Both the argument of counsel, and the opinion of the Court, distinctly show, that the power to issue the mandamus in that case, was contended for as incident to the judicial powers of the United States. And the reply of the Court is, that though, argumenti gratia, it be admitted, that this controlling power over its ministerial officers, would follow from vesting in its Courts the whole judicial power of the United States, the argument fails here, since the legislature has only made a partial delegation of its judicial powers to the Circuit Courts; that if the inference be admitted as far as the judicial power of the Court actually extends, still, cases arising under the laws of the United States, are not, per se, among the cases comprised within the jurisdiction of the Circuit Court, under the provisions of the 11th section; jurisdiction being in such cases reserved to the Supreme Court, under the 25th section, by way of appeal from the decisions of the State Courts.

There is, then, no just inference to be drawn from the decision in the case of M'Intire v. Wood, in favour

Page 601

of a case in which the Circuit Courts of the United States are vested with jurisdiction under the 11th section. The idea is in opposition to the express words of the Court, in response to the question stated, which are, 'that the Circuit Court did...

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    • United States Supreme Court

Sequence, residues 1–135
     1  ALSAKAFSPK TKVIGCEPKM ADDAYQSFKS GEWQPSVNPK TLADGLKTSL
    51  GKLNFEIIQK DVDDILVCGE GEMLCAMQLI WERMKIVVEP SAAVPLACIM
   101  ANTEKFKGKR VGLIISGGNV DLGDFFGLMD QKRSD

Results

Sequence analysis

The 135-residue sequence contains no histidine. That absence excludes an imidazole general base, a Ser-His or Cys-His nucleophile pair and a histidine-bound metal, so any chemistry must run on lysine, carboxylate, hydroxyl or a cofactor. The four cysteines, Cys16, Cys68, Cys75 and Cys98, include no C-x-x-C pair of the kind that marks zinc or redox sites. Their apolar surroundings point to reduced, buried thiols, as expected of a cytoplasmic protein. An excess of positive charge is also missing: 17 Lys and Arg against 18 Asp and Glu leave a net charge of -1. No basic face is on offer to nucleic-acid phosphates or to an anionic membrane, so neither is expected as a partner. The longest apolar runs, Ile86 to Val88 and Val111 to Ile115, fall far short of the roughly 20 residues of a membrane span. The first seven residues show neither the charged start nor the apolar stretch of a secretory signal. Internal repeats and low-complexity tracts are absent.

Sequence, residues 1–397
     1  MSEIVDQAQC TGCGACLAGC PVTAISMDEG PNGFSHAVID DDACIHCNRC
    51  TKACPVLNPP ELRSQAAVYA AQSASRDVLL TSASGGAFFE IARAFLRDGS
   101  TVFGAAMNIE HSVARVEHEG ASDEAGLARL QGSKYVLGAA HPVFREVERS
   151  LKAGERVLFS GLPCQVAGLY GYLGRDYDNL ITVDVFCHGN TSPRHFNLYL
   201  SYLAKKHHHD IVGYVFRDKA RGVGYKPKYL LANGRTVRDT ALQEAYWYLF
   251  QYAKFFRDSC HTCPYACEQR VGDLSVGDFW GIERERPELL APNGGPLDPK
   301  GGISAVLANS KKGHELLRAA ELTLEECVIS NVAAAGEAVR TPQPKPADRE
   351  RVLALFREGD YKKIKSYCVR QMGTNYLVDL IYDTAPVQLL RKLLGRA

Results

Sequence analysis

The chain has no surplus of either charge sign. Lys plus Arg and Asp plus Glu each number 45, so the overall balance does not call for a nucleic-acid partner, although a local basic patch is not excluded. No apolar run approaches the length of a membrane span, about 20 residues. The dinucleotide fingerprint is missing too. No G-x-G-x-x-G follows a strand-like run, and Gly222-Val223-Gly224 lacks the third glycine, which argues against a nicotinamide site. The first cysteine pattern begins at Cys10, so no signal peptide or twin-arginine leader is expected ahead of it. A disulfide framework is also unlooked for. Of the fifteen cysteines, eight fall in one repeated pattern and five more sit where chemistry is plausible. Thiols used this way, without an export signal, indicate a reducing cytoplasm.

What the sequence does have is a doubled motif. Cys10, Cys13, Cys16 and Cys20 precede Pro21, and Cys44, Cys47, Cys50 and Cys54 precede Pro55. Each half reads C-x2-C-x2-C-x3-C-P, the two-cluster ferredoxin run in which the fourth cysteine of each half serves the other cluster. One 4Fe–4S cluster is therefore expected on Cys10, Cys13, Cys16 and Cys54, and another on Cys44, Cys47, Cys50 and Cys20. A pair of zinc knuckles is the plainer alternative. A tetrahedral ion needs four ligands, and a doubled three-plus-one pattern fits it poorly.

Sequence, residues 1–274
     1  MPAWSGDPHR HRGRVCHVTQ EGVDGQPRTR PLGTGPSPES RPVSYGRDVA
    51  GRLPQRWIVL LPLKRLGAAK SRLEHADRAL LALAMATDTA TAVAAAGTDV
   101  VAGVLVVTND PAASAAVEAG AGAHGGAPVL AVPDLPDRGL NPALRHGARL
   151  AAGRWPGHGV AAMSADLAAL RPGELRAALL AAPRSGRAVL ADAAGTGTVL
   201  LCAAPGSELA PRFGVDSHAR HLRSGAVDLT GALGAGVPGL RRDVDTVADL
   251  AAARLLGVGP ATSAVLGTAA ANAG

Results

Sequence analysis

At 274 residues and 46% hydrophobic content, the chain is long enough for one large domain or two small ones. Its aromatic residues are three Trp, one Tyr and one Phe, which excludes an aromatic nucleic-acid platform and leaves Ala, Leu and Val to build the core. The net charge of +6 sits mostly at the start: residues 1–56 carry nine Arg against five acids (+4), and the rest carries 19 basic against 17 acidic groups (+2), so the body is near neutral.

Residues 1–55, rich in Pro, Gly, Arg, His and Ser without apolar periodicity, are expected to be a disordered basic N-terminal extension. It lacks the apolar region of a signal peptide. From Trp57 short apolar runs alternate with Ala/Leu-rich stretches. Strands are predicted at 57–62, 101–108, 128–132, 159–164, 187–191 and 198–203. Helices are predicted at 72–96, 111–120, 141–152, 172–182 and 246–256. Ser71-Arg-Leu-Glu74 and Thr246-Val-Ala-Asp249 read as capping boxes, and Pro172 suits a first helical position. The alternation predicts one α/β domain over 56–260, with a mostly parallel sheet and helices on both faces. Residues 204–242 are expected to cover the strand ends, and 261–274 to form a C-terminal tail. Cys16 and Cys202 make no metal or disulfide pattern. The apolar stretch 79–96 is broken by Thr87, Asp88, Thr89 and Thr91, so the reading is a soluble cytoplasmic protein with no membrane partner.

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    ...311 U.S. 55, 59, 61 S.Ct. 95, 97, 85 L.Ed. 36 (1940); Williams v. Norris, 12 Wheat. 117, 120, 6 L.Ed. 571 (1827); McClung v. Silliman, 6 Wheat. 598, 603, 5 L.Ed. 340 (1821). 9 The judiciary is the final authority on issues of statutory construction and must reject administrative constructio......
  • Baldwin County Welcome Center v. Brown
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    • United States Supreme Court
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    ...before an appellate Court is, was the judgment correct, not the ground on which the judgment professes to proceed." McClung v. Silliman, 6 Wheat. 598, 603, 5 L.Ed. 340 (1821). See also Ex parte Royall, 117 U.S. 241, 250, 6 S.Ct. 734, 739, 29 L.Ed. 868 (1886). The majority, in summarily reve......
  • Garland v. Sullivan, 83-1283
    • United States
    • United States Courts of Appeals. United States Court of Appeals (3rd Circuit)
    • June 27, 1984
    ...1651(a) is derived, was not a source of substantive authority to mandamus federal executive branch officers. Cf. McClung v. Silliman, 19 U.S. [6 Wheat.] 598, 5 L.Ed. 340 (1821) (state court cannot mandamus federal officer). Compare Pub.L. No. 87-748, Sec. 1(a), 76 Stat. 744 (1972), codified......
  • Barber Asphalt Pav. Co. v. Morris
    • United States
    • United States Courts of Appeals. United States Court of Appeals (8th Circuit)
    • October 24, 1904
    ...... cited in that opinion broad enough to sustain the view there. [132 F. 953] . taken. In McClung v. Silliman, 6 Wheat. 598, 600, 5. L.Ed. 340, it is said that 'the fourteenth section of the. act under consideration (Act Sept. 24, 1789, c. 20, 1 Stat. 81) ......
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1 books & journal articles
    • United States
    • Notre Dame Law Review Vol. 96 Nbr. 1, November 2020
    • November 1, 2020
    ...decrees and judgments corresponded to resolutions in equity and law respectively. Supra note 94. (177) See M'Clung v. Silliman, 19 U.S. 598, 603 (1821); see, e.g., Smith v. City of Jackson, 544 U.S. 228, 232 (2005) (establishing that a federal statute recognizes disparate-impact liability, ......